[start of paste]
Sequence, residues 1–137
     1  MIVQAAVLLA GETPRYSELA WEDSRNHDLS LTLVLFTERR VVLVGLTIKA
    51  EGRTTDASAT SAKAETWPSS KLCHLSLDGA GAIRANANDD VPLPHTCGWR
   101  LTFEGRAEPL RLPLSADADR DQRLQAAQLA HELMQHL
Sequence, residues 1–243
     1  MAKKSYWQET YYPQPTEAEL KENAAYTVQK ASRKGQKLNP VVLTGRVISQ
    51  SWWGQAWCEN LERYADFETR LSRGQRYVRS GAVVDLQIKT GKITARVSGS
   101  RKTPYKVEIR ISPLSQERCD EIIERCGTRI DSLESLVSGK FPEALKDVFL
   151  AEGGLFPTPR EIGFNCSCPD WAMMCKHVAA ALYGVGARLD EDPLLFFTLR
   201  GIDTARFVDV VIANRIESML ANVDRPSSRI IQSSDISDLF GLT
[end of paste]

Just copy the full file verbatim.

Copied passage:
Sequence, residues 1–137
     1  MIVQAAVLLA GETPRYSELA WEDSRNHDLS LTLVLFTERR VVLVGLTIKA
    51  EGRTTDASAT SAKAETWPSS KLCHLSLDGA GAIRANANDD VPLPHTCGWR
   101  LTFEGRAEPL RLPLSADADR DQRLQAAQLA HELMQHL
Sequence, residues 1–243
     1  MAKKSYWQET YYPQPTEAEL KENAAYTVQK ASRKGQKLNP VVLTGRVISQ
    51  SWWGQAWCEN LERYADFETR LSRGQRYVRS GAVVDLQIKT GKITARVSGS
   101  RKTPYKVEIR ISPLSQERCD EIIERCGTRI DSLESLVSGK FPEALKDVFL
   151  AEGGLFPTPR EIGFNCSCPD WAMMCKHVAA ALYGVGARLD EDPLLFFTLR
   201  GIDTARFVDV VIANRIESML ANVDRPSSRI IQSSDISDLF GLT